June 23, 2016
by Mike Elliott, Kettle River Canoes
Frequently, I get an email from someone who is looking to sell their wood-canvas canoe. Typically, they tell me, “The canoe has been stored under-cover for the last twenty or thirty years and is in excellent shape. What would be a reasonable price to ask for my canoe?” Conversely, a person is considering the purchase of an old canoe and wants my opinion on whether or not the asking price is a reasonable one. In both cases, the best I can do is refer them to what I see on classified ads offering other wood-canvas canoes for sale.
I guess the simplest answer is: “It is worth whatever someone is willing to pay.” I have a hard time seeing these canoes as commodities. That is why I am in the business of repairing and restoring wood-canvas canoes. My clients tend to value their canoe based on a set of criteria far removed from monetary concerns. That said, wood-canvas canoes are bought and sold. Most of them are at least thirty years old and range in condition from pristine to ‘ready for the burn pile’. So, let’s look at the market and what tends to be ‘the going rate’.
Fully restored wood-canvas canoes tend to be listed in classified ads in a range from about $3,500 to $7,000. Bear in mind that a brand-new Old Town 16′ Guide canoe – made by hand on the original mould – currently sells for $9,000 USD. Serviceable canoes that need some work tend to be offered somewhere in the neighbourhood of $1,500 to $2,500. Canoes requiring a full restoration can be picked up for $50 (or free) to $500.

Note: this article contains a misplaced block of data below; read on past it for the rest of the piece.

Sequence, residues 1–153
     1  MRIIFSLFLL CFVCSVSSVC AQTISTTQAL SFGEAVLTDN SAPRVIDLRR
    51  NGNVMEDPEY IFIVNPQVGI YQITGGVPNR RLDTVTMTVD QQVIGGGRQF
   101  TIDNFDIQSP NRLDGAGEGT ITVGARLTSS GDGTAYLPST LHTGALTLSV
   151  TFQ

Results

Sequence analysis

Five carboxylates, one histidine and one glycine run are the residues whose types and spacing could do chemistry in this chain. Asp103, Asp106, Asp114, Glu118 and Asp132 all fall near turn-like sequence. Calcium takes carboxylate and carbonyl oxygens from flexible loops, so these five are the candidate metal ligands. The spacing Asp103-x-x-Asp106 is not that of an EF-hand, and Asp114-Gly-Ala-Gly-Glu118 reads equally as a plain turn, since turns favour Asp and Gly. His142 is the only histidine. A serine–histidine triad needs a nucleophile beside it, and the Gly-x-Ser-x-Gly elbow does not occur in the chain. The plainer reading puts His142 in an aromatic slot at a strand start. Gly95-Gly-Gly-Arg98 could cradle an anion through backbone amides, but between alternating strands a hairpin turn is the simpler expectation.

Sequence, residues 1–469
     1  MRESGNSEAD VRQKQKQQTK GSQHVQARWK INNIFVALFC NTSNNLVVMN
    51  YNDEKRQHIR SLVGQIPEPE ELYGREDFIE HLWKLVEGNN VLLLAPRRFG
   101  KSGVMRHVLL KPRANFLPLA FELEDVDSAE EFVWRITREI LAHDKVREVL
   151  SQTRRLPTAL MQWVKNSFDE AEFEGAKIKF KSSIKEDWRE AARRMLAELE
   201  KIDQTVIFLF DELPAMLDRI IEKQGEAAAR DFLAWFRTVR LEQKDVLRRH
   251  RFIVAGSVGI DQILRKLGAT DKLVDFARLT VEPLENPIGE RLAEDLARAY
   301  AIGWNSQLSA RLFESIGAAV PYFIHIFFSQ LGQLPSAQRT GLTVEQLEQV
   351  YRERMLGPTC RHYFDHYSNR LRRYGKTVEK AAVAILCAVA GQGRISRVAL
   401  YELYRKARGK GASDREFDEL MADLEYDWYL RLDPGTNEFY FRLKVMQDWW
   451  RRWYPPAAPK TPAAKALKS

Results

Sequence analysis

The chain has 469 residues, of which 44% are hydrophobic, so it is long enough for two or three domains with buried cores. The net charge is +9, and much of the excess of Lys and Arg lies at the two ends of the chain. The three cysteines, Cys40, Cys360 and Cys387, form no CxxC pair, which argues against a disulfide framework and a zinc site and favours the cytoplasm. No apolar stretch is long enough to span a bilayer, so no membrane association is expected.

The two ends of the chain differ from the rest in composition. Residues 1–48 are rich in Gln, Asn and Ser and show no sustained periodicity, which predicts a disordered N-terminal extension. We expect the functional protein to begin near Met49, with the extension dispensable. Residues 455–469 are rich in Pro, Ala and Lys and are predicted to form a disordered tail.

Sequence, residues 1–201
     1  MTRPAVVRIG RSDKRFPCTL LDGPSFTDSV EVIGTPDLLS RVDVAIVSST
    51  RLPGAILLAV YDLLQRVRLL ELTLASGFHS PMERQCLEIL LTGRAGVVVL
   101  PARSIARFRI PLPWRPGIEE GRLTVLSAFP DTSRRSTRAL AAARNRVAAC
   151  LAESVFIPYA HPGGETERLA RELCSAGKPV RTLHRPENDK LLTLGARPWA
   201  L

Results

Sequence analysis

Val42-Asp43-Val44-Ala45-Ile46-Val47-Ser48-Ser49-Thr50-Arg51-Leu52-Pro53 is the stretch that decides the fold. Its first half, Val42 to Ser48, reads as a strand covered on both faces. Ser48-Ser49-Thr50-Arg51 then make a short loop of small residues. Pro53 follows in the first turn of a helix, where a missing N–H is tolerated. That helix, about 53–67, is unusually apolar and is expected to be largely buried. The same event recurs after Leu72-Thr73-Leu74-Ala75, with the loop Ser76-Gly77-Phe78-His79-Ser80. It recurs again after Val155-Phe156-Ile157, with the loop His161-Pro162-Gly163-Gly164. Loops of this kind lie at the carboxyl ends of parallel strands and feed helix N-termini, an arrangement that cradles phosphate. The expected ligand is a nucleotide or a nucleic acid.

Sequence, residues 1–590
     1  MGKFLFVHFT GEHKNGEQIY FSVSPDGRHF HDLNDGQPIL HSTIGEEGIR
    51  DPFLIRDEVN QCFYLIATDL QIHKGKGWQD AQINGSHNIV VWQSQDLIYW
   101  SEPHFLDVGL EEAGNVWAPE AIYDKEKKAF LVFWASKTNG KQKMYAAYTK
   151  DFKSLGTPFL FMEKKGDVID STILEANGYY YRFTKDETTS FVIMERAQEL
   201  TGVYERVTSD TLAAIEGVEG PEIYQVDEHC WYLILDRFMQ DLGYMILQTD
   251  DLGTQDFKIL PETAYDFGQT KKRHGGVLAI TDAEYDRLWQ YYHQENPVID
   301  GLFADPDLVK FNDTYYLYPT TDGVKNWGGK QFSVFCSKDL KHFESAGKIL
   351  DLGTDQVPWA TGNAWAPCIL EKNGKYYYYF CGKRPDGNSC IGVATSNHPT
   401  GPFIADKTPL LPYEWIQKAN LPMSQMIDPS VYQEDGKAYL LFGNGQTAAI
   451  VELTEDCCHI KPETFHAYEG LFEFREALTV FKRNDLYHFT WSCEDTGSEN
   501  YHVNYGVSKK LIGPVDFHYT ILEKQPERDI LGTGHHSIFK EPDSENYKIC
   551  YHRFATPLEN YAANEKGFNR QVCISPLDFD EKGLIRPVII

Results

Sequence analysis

When people ask for my opinion on a specific canoe, I base my answer on what a professional canoe restoration shop would charge to bring it back to ‘like new’ condition. Any ‘original canoe in mint condition’ will require a new canvas. Unfortunately, the original canvas will only last about forty years (Oh, how I long for a return to the days before planned obsolescence). If the work is done by a professional canoe restorer, you are looking at spending about $2,000 to $2,500 after you have bought the canoe. If the canoe ‘needs a little work’, be prepared to pay $3,000 to $5,000 for a full restoration. And if it is a ‘basket-case’, the bill can often far exceed the cost of a brand-new canoe (not unlike the cost of renovating an old house versus building a new one from the ground up). So, when you see a fully restored canoe listed in a classified ad for $4,000, they are probably just trying to recoup the cost of the restoration.
About twelve years ago, I bought an original Greenwood Canoe for $900. The bulk of the woodwork was in excellent condition and the interior varnish was still in very good condition. The canvas was original (about forty years old) and although it was not rotting, it needed to be replaced. Greenwood canoes are well-known to wood-canvas canoe enthusiasts in British Columbia. Bill Greenwood built canoes in Richmond, BC from 1934 to 1975. His workmanship was unequalled not to mention all of the Philippine Mahogany used in components such as gunwales, decks and thwarts. Anyone who knows these canoes bows their head in reverence whenever they speak of Bill Greenwood and his canoes.
In my shop, I brought the canoe back to life. The original mahogany outwales were shot, so I replaced them with exact copies. I added a couple of coats of varnish to the woodwork and painted the new canvas the dark green that was typical for Greenwood canoes.